11. That has lost all its whimsy
  12. And its trust in search of family
  13. Will I ever get to see the power of love displayed for me
  14. Will I ever find safety, will I find myself blooming

Moving into verse two, the narrator again calls out to God. This time asking to be shown a sign of hope in a world of darkness. The full extent of their life is unknown, but as indicated in line five, it hasn’t been easy. Continuing through lines six through eight, we see that what they’re longing for is a family of their own, the one they never had.

The next part of this verse is what I see as the most heartbreaking. They now ask God if he sees their true heart, the one that for a time was hopeful, but has now given up hope. This being the likely final event that brings them to where they are now. And, in line thirteen, we see them questioning if they’ll ever get the family they’ve always wanted. In fourteen, they now wonder if they’ll ever find their happiness.


  1. Oh God I need you now
  2. Can I lay my head on your chest and rest
  3. Can you come and be real for me
  4. God, I need you now
  5. Can I lay my head on your chest and rest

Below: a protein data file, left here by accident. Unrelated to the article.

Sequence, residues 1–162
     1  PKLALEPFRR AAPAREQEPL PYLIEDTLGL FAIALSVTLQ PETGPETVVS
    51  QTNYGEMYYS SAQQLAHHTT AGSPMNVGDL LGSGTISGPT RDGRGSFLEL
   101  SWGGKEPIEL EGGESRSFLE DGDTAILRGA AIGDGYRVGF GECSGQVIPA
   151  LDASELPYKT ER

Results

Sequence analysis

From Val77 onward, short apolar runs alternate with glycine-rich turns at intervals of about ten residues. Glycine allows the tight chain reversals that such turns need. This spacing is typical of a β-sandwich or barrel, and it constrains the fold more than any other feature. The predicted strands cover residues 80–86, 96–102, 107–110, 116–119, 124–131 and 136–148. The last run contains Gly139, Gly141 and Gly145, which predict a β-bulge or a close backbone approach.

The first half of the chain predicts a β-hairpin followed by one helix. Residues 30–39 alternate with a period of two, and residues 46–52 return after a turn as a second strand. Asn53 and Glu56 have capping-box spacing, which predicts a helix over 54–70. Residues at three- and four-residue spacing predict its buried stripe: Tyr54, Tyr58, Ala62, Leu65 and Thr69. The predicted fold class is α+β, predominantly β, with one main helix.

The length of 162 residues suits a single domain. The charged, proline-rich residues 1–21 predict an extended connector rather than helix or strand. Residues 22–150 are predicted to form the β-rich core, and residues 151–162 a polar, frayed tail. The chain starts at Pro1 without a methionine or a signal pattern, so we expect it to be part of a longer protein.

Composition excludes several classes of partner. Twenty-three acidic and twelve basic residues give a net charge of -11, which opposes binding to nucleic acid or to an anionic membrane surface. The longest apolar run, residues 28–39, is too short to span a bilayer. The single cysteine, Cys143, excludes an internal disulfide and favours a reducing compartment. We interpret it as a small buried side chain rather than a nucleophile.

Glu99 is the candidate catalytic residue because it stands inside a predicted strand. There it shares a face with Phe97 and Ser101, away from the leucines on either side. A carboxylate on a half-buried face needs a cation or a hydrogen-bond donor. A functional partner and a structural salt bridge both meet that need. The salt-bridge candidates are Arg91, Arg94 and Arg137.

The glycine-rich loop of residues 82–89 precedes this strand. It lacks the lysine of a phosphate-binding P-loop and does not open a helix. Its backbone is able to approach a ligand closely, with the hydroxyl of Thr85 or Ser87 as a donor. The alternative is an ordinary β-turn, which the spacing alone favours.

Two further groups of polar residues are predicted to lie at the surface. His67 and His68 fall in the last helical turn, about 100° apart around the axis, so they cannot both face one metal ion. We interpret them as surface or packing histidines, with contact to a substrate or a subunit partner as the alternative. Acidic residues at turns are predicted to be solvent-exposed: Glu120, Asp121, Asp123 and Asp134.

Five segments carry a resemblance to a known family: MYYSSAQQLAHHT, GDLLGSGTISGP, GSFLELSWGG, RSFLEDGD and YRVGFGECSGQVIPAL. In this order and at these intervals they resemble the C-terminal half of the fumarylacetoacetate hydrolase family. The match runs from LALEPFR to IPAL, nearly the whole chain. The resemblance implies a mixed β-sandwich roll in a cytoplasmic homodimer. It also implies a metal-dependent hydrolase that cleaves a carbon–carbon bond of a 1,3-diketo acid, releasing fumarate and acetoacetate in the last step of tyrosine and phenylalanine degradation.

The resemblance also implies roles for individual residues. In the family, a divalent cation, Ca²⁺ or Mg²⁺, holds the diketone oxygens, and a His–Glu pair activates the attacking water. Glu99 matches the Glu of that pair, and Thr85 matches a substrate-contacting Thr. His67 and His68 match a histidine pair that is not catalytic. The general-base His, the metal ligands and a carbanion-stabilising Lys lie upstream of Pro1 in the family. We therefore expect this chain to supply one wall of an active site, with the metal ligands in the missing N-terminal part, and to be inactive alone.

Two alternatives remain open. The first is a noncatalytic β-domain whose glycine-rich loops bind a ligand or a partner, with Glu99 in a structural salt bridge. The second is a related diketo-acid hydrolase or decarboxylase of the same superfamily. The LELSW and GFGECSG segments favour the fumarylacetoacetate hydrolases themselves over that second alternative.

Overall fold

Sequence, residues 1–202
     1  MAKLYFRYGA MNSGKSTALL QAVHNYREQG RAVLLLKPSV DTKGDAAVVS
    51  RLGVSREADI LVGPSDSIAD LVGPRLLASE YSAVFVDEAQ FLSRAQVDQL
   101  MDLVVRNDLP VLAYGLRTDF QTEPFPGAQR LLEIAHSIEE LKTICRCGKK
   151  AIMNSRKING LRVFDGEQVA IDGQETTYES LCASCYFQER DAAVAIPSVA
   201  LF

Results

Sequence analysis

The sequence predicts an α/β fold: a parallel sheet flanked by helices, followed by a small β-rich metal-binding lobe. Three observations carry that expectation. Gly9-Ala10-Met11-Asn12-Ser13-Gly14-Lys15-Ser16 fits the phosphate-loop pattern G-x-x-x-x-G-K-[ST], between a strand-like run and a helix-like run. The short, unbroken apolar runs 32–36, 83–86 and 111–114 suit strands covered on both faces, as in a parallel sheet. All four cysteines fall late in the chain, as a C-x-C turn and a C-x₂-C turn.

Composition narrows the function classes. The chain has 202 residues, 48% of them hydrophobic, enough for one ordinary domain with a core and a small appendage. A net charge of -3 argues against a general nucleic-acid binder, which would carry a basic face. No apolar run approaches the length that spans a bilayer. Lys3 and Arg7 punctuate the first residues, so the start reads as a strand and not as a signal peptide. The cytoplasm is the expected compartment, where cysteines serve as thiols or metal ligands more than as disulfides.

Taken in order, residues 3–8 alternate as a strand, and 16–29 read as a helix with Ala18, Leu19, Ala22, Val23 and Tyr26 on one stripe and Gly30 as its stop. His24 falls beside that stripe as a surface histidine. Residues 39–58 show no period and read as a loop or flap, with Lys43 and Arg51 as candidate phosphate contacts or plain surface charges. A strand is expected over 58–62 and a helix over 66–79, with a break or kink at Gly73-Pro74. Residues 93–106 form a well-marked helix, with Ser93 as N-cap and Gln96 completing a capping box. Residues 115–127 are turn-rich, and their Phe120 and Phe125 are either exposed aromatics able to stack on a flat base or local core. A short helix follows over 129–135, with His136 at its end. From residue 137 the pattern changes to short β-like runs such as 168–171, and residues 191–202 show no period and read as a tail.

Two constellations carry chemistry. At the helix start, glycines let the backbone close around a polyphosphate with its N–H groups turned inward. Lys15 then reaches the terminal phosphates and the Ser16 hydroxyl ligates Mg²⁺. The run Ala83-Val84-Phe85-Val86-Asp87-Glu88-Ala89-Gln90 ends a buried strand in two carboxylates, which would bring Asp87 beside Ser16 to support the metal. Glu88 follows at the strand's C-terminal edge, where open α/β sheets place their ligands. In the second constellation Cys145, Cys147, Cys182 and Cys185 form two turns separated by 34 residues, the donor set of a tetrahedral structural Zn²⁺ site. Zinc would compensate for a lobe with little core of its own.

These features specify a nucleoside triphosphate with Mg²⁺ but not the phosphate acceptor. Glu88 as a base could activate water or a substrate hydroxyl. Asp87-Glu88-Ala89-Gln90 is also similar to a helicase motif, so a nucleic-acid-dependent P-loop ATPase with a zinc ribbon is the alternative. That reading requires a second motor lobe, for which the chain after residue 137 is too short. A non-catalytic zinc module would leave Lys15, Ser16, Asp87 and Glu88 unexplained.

6. Can you come and be real for me

The chorus of this song is eloquently simple. They’re professing their need for God. It’s unknown how long it’s taken them to realize that, or how long they’ve been fighting it. In lines two and three, we see them seemingly so desperate and alone that feel like they need God with them in person. They long for the feeling of someone they can lean on to make them feel safe, to be the father they never had.


There are a few implications in this song that come to mind. The first is the most overt. The longing to have a family, especially for those who never had one of their own, can weigh heavily on your heart. In the case of those who grew up without fathers present in their lives, or for those who would have been better off without the ones they had, it’s good to remember that the burden of a broken family isn’t yours to carry, it’s not your fault. Also, even if you don’t have an ever-present father in your life on earth, you do have one above. He’s always there, even when it doesn’t feel like it. In regards to the desire to have a family and children of your own, you aren’t alone in wanting that. Many a young man spends his days seeking his Ruth. There are countless young women forever searching for a Godly man. I’ve heard all too often the stories of couples dealing with infertility and miscarriages. More people than you realize can relate to what you are going through, and are there to help. All you have to do is reach out. The church isn’t a place to suffer in silence. Your victories are our victories, your sorrows are our sorrows. When you feel like you’re suffocating, we’re here to help you breathe.